I referred to this condition in a previous post as Mistake #4, the fear of a missed opportunity, which plunged me into trading a stock without really knowing what the heck I was doing. The abbreviation for Fear of Missing out, or FOMO, was added (along with selfie and twerk) to Oxfords Online Dictionary in 2013. Since then every significant rise in stock prices has been dubbed a “FOMO rally,” as if investors are incapable of doing anything that isn’t fueled by anxiety or fear. Maybe that’s somewhat true because it is said that stocks climb a “wall of worry,” (otherwise known as WOW) and then take the “elevator down.”
It was certainly the case for me. I was using all sorts of scanning software to track the potential breakouts of leading stocks. At one point, I was so determined to catch them all, that I set price alerts on my phone for almost every one that would come up in the scan. The Pavlovian alert tones sent my limbic system response on a wild emotional roller coaster ride. There were all sorts of cool sounds available too, like the Wall Street Bell, cash registers going Ka-ching, Cramer’s voice saying “Buy, Buy, Buy.”
To all of you married traders out there… if there’s one sure way to annoy your spouse, this is it. The alerts would of course go off anywhere and anytime; during family meals, afternoon walks, intimate… well you can guess why it became a problem. Changing the sounds periodically didn’t soften their intrusiveness and turning off the phone’s speaker… well, then there’s no point in having an alert then, is there?
So soon after it became apparent that I just wasn’t going to catch every breakout known to man, my FOMO was replaced by something even more terrifying… the fear of future regret (FOFR; not officially a real word yet). You know, thinking stuff like: What happens if I don’t buy Facebook now and it doubles next year? What happens if it tanks? (BTW both did end up happening) Will I regret not having kids, even if there’s a chance one of them will turn out to be a demon seed like I was? As you can see, these kind of thoughts can eat away at you, and are not the kind of things you want to be thinking about, especially when you’re on the beach with your wife and your phone is telling you to “Sell, Sell, Sell.”
I’ve started calling it FOWAH, Fear of what already happened, to help remind me to move Fowahd (pronounced with a Boston accent, except leave off the “d” in honor of my neighboring town of Medford, whose residents affectionately refer to in their mother tongue as “Medfah“). When you get to that point of future regret, all the stuff you once worried about would have already happened; i.e. water under the bridge, beyond your control, you know, so why sweat it now? Compared to FOWAH, FOMO is not so bad.
So what’s in store for the near future of the S&P 500 (NYSEARCA:SPY)? The recent dip has got a lot of folks worrying that the heaviest damage is yet to come. Any plunge below the 200 day moving average is cause for concern, but let’s first take a step back and look at a similar scenario and how it unfolded.The chart below of 2010 shows TVO (Total Volume Oscillator), which uses volume data to graph Accumulation and Distribution, and how it relates to the S&P. A low reading, like the ones that happened in February (-7.1) and May (-7.7) of that year, indicate a highly oversold market. After everyone dumps all the stocks they thought were overvalued, guess what happens? The market comes back and those same sellers come down with a serious case of FOMO-itis (another new word contribution to the lexicon) and start buying up again like crazy.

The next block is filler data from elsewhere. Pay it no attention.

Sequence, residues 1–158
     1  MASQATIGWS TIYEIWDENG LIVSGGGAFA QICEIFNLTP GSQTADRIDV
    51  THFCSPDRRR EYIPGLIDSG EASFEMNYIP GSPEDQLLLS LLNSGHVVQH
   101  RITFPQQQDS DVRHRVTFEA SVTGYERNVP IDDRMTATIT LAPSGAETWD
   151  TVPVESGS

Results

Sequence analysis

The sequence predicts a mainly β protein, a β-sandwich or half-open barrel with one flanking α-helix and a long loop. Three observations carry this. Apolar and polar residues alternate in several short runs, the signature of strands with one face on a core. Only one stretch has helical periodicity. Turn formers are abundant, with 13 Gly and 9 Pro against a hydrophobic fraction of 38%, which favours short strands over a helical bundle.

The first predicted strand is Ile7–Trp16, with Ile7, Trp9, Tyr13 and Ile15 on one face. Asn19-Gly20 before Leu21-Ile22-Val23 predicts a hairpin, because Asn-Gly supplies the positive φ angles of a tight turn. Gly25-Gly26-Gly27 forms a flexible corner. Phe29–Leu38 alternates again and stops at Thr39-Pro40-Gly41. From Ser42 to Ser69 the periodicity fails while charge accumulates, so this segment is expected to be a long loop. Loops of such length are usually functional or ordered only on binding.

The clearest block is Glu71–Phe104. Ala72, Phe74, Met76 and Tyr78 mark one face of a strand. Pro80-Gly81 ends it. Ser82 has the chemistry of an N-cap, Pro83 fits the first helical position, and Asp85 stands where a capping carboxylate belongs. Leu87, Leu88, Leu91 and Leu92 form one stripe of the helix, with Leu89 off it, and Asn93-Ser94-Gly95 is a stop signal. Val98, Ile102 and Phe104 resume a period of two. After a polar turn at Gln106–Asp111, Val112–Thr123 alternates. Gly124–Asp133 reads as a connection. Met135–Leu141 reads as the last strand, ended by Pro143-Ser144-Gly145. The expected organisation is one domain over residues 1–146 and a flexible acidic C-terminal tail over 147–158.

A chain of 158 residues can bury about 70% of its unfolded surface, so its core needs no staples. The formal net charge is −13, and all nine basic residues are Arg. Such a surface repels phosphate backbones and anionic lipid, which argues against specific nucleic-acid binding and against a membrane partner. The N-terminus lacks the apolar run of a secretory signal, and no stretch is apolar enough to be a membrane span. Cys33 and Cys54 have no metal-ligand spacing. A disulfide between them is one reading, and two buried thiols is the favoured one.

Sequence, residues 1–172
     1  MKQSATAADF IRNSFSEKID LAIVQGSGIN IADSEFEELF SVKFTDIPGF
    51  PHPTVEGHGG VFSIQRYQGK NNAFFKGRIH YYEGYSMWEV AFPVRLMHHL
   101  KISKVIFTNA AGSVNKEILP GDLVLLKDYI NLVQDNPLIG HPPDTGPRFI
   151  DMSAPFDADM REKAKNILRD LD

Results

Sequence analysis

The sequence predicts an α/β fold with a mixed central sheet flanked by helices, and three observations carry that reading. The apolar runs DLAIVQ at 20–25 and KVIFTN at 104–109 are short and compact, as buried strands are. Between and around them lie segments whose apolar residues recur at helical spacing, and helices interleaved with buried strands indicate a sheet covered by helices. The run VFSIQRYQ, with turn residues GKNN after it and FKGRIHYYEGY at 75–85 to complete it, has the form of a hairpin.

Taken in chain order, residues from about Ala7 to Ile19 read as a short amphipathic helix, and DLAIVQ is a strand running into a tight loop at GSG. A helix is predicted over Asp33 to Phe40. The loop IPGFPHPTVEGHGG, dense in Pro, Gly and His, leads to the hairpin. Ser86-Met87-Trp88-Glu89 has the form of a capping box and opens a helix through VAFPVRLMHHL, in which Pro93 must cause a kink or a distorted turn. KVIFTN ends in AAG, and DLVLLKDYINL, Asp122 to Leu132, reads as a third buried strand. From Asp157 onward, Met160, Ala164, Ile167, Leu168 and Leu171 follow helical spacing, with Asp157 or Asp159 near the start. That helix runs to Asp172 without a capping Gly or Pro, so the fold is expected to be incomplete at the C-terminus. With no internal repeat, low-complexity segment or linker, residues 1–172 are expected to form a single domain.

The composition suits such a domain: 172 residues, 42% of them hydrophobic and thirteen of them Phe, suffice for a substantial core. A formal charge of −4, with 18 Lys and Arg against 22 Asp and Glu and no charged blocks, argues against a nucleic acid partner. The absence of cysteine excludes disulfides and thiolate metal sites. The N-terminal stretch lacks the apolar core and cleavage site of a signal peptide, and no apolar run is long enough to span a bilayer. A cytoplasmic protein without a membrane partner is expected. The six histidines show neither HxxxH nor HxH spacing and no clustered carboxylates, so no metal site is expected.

Hmm, same low reading (-7.3) around Valentine’s Day (which was a 6% correction), but this year we didn’t have the “Flash Crash” in May to break up the party. After nearly two solid FOMO quarters, last week TVO gave us a -9.5 (keep in mind the oscillator has never gone below -9.9 since 1978), so right now the vacuum created by all of the recent distribution is quite huge. (This is a good place to insert some kind of Newton’s Law analogy, but I think you can see where this is going.) We did get a bounce, so some of the heat is off for the time being, but seeing the index fall right back below the 200 day without some significant move in the other direction is sort of like, well… like something even Newton would have a tough time explaining.
So for those of you that just can’t get enough of acronyms and buzzwords to help you remember things about investing, here’s one way to sum it up (brace yourself)… Later this year, as you’re watching stocks rise back up to their September highs and you’re feeling that FOMO, better get on the WOW quick ’cause it might lead to FOFR, which could have all been prevented if you had avoided FOWAH thinking at all costs… And feel free to quote me on that.